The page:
On 25 July, an asteroid the size of a football field flew by Earth, coming within 65 000 km of our planet's surface during its closest approach—about one fifth of the distance to the Moon.
The 100 m-wide asteroid dubbed ‘2019 OK’ was detected just days before it passed Earth, although archival records from sky surveys show it had previously been observed but wasn’t recognised as a near-Earth asteroid.
While 2019 OK illustrates the need for even more eyes on the sky, it also provides an opportunity to improve the asteroid recognising abilities of current and future telescopes, including ESA’s upcoming ‘Flyeye’.
ESA observed the asteroid just before its flyby, by requesting two separate telescopes in the International Scientific Optical Network (ISON) take images of the space rock.
One of these is shown here, revealing the asteroid—the dark blob at the centre of the image—move across a background of stars, which appear as faint streaks.
With these observations, asteroid experts at ESA were able to extract precise measurements of the position and movement of the rocky body.
“With the ISON observations we were able to determine the distance of the close approach incredibly accurately,” explains Marco Micheli from ESA’s Near-Earth Object Coordination Centre. Observations of near-Earth asteroid 2019 OK, just before its close approach on 25 July 2019. ESA requested the observations from the International Scientific Optical Network (ISON) who then aimed two of their telescopes at the 100 m-wide rocky body – which appears as a dark blob at the centre of the image. Credit: S. Schmalz / ISON
“In fact, with a combination of observations from across the globe, the distance is now known to better than one kilometre!”
The asteroid was first discovered by the Southern Observatory for Near-Earth Asteroids Research (SONEAR) just a day before its close approach.
Observations of 2019 OK were independently confirmed by other observatories, including the Arecibo radar in Puerto Rico and a third telescope in the ISON network.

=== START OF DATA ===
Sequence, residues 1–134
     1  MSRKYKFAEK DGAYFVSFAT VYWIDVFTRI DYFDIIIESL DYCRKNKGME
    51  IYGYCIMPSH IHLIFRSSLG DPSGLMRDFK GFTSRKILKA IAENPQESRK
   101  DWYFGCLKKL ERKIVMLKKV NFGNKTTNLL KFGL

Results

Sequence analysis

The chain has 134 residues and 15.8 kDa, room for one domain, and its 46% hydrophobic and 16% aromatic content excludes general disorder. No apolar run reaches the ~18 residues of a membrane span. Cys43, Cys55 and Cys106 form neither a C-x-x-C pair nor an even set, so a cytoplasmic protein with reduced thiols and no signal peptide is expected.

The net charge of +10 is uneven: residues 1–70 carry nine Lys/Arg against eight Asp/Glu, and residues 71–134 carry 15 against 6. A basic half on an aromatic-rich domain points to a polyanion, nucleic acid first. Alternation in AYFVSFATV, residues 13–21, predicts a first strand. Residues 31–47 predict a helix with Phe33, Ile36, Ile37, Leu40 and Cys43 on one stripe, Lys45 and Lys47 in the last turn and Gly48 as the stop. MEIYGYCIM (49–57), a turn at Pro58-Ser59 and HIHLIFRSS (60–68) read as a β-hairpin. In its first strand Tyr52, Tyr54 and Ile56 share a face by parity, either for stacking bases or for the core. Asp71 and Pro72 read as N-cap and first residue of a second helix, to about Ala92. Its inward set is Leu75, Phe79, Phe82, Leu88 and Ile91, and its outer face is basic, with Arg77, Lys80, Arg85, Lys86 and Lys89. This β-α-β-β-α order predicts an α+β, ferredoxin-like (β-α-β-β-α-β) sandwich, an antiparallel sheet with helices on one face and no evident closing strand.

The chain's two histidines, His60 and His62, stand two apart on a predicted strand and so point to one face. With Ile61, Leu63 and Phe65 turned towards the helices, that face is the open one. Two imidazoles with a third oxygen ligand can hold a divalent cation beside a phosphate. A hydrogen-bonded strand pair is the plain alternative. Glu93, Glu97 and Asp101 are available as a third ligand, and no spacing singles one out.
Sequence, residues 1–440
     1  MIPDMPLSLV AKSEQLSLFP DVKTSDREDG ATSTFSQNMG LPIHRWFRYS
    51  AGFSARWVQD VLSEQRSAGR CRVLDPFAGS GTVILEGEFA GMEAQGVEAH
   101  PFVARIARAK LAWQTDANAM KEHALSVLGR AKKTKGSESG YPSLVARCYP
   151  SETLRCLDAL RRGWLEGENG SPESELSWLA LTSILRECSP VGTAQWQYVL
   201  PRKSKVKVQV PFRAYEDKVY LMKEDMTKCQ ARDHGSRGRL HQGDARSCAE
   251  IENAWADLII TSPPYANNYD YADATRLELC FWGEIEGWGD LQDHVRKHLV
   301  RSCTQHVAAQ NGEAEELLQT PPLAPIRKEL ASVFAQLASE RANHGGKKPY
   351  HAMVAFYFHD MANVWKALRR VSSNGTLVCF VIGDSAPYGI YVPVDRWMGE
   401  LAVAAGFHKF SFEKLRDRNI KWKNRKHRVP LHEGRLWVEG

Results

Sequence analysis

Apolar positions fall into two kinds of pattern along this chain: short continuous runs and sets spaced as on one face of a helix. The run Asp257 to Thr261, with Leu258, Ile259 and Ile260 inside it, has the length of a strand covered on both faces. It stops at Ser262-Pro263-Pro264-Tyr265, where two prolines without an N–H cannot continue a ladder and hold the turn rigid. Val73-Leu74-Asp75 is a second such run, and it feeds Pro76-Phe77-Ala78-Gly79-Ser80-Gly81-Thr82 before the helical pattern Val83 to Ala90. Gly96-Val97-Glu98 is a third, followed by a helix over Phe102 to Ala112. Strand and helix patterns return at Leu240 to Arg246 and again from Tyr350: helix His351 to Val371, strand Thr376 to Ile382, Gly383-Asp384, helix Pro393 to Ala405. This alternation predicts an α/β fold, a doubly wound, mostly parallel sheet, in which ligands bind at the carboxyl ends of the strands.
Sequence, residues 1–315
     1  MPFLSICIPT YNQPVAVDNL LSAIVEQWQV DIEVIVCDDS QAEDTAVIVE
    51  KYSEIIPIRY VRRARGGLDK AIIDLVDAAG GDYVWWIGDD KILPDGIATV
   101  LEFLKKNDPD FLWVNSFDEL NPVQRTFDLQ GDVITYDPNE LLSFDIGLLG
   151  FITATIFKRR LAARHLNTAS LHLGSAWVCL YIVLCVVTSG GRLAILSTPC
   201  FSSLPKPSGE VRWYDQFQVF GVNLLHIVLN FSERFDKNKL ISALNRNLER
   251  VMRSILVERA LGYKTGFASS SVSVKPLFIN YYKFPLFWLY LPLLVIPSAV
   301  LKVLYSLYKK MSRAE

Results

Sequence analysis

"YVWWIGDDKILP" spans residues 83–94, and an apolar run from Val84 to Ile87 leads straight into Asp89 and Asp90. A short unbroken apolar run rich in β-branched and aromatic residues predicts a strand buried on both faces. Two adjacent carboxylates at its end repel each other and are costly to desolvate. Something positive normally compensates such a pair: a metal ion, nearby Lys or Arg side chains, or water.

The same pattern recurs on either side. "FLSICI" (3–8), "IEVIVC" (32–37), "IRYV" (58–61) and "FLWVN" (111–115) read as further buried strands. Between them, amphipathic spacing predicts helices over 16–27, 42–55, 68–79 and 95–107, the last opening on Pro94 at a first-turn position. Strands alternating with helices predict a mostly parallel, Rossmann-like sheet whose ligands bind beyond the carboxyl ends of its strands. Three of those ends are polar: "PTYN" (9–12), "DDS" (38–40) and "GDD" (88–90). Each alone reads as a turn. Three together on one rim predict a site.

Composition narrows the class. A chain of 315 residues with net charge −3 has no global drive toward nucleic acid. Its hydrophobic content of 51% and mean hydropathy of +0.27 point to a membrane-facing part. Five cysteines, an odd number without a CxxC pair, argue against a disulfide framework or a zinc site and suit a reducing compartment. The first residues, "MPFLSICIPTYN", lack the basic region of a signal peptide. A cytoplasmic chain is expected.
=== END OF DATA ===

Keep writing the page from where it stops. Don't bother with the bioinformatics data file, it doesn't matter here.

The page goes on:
Since the discovery, with knowledge of where the asteroid would have been and by searching for it by eye, existing images were found in the Pan-STARRS and ATLAS sky survey archives.
Both surveys had in fact captured the asteroid in the weeks before the flyby, but this slow space rock appeared to move just a tiny amount between images, and was therefore not recognised.
“This ‘un-recognition’ of an asteroid, despite it being photographed,” explains Rüdiger Jehn, ESA’s Head of Planetary Defence, “will be used to test the software going into ESA’s upcoming asteroid-hunting telescope, the Flyeye.”
More eyes on the sky
We know of, and are tracking, thousands of asteroids in the Solar System, so why was this one discovered so late? Unfortunately, there is currently no single obvious reason, apart from its slow motion in the sky before close approach.
2019 OK also travels in a highly elliptical orbit, taking it from within the orbit of Venus to well beyond that of Mars. This means the time it spends near Earth and is detectable with current telescope capabilities is relatively short.
ESA, NASA and other agencies and organisations around the globe—professional and amateur—discover new asteroids every day. This work constantly increases our understanding of the number, distribution and movement of orbiting rocky bodies.
Asteroids the size of 2019 OK size are relatively common in the Solar System, but hit Earth on average only every 100 000 years. Travelling in a highly elliptical orbit that takes it within the orbit of Venus, this asteroid wont come close to Earth again for atleast 200 years. 1 comment